Home / Resources / Clinical Gems / International Textbook of Diabetes Mellitus, 4th Ed., Excerpt #17: Development and Maintenance of the Islet Beta Cell Part 1 of 4

International Textbook of Diabetes Mellitus, 4th Ed., Excerpt #17: Development and Maintenance of the Islet Beta Cell Part 1 of 4

Mar 29, 2016


The discovery of insulin by Banting and Best in the early 1920s marked the beginning of a new era of diabetes research that focused on the study of insulin and the biology of the hormone-producing cells of the pancreas. In the ensuing decades, although much was learned regarding the synthesis, structure, and action of insulin, the developmental origins of insulin-producing β cells remained ambiguous. In the 1970s, the long-held belief that β cells might arise from the neural crest was refuted by elegant interspecies cell transplantation studies, which demonstrated that radiolabeled quail neural crest cells do not populate pancreatic endocrine tissues in host chick embryos [1]. This seminal finding, and the advent of techniques to manipulate the mouse genome, has resulted in a greater understanding of how the pancreas develops and matures. The lessons from developmental biology have also elicited speculation that maintenance of endocrine cell mass in the adult pancreas follows a similar paradigm, whereby a pool of proliferative progenitor cells differentiates as needed to repopulate the endocrine compartment. It is becoming increasingly recognized that processes that maintain or increase β-cell mass rely on signals distinct from those in the developing pancreas, and therefore the mechanisms of cell specification and maintenance differ depending upon the age of the organism. This chapter reviews the fundamentals of pancreas organogenesis, proceeds with an overview of cytodifferentiation with an emphasis on the β cell, and concludes with a review of β-cell growth and maintenance in the adult pancreas.


Pancreas development

The pancreas is a compound digestive gland, comprised of both exocrine and endocrine components that secrete digestive enzymes and hormones, respectively. The exocrine component makes up approximately 95% of pancreas mass, and consists of acinar cells and duct cells. Acinar cells produce and secrete proteases, lipases, amylases, and nucleases that are necessary for the digestion of nutrients. Duct cells form a tubular network throughout the pancreas, and also secrete mucins and fluids that flush the acinar secretions to the intestine. The mature endocrine component of the pancreas, organized into structures known as the islets of Langerhans, comprises ∼2% of the total organ mass. In the adult, islets of Langerhans are composed primarily of five discrete hormone secreting cell types: α cells produce glucagon, β cells produce insulin and islet amyloid polypeptide, δ cells produce somatostatin, PP cells produce pancreatic polypeptide, and ϵ cells produce ghrelin. β Cells comprise the majority (60–80%) of the cells that make up the islet in vertebrate animals. The progression of pancreas development in vertebrates can be segmented into five major events (summarized in Figure 4.1): (1) induction of definitive endoderm, (2) formation of the primitive gut tube and patterning of endoderm into organ-specific progenitor zones, (3) induction of dorsal and ventral pancreatic buds, (4) outgrowth, branching, and fusion of the pancreatic buds, and (5) cytodifferentiation.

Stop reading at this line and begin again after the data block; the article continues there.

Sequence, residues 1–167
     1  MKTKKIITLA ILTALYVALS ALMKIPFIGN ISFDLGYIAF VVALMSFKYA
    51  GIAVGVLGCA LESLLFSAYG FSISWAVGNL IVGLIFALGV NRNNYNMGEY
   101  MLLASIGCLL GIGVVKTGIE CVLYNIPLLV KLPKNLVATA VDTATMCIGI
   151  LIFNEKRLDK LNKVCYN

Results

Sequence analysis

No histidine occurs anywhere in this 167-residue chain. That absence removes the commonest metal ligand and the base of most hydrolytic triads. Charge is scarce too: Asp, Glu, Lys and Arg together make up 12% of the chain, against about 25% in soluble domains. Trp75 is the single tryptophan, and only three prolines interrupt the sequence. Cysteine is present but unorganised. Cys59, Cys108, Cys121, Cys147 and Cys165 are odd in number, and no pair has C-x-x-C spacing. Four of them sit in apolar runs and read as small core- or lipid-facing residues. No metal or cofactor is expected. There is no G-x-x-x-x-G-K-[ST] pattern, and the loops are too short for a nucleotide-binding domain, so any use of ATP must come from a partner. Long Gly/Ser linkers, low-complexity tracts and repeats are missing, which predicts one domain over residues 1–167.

Induction of the definitive endoderm

During early development, pluripotent stem cells in the gastrula stage embryo evolve into the multipotent progenitor cells of the three primary germ layers known as ectoderm, mesoderm, and definitive endoderm. Broadly speaking, mesodermal derivatives provide support and movement, whereas ectodermal derivatives provide for sensation of, and protection from, the environment. The definitive endoderm is the innermost germ layer of metazoan embryos, and its derivatives mediate exchanges with the environment, including nutrient absorption and gas exchange. Definitive endoderm gives rise to the pancreas, liver, intestine and other digestive organs, as well as the thyroid and parathyroid glands and the respiratory tract.

Model systems must be employed to study the mechanisms of development. Considering its evolutionary proximity to humans and the wealth of sophisticated tools for genetic manipulation, the mouse (Musmusculus) is the most pervasively utilized model organism. However, much of what is known about endoderm induction and morphogenesis has been learned through the study of lower vertebrates. Model systems such as the zebrafish (Danio rerio), the African clawed frog (Xenopus laevis), and the chicken (Gallus gallus) each exhibit species-specific experimental advantages (see Table 4.1).

During gastrulation, cells delaminate from the epiblast cell layer, and ingress through a transitory structure called the primitive streak in amniotes (e.g. mammals and birds) or the marginal zone in fish and frog, and emerge as endoderm cells. Although the morphogenetic events of gastrulation vary widely in model organisms, these events are regulated by a conserved set of regulatory molecules. The most fundamental endoderm induction signal is Nodal, a secreted TGFβ-like molecule that is highly conserved in amniotes, amphibians, and fish. Nodal signaling is necessary and sufficient in all vertebrates to trigger a genetic cascade leading to endoderm formation [2]. Nodal is expressed at the site of gastrulation, where it initially generates a transitory mesendodermal precursor cell population. This population is subsequently subdivided into mesoderm and endoderm by the morphogenetic properties of Nodal, with the highest levels of Nodal signaling producing endoderm. Expression of the gene encoding Nodal is initiated in divergent ways depending upon the species. In mice, the gene is induced by WNT signaling at the interface of embryonic and extra-embryonic tissues [3], whereas in zebrafish and frogs it is induced by maternally provided factors that are localized to the site of Nodal induction [4,5].However, in all vertebrates studied, Nodal expression is enhanced by high levels of WNT signaling and maintained by a positive paracrine feedback loop [6]. The targets of Nodal include the Mix-like (Mixl) family of homeobox genes, the Foxa family of forkhead genes, and the high mobility group box gene Sox17. Together, these genes comprise an essential transcription factor network that stabilizes the endodermal fate while simultaneously segregating it from mesoderm [7,8].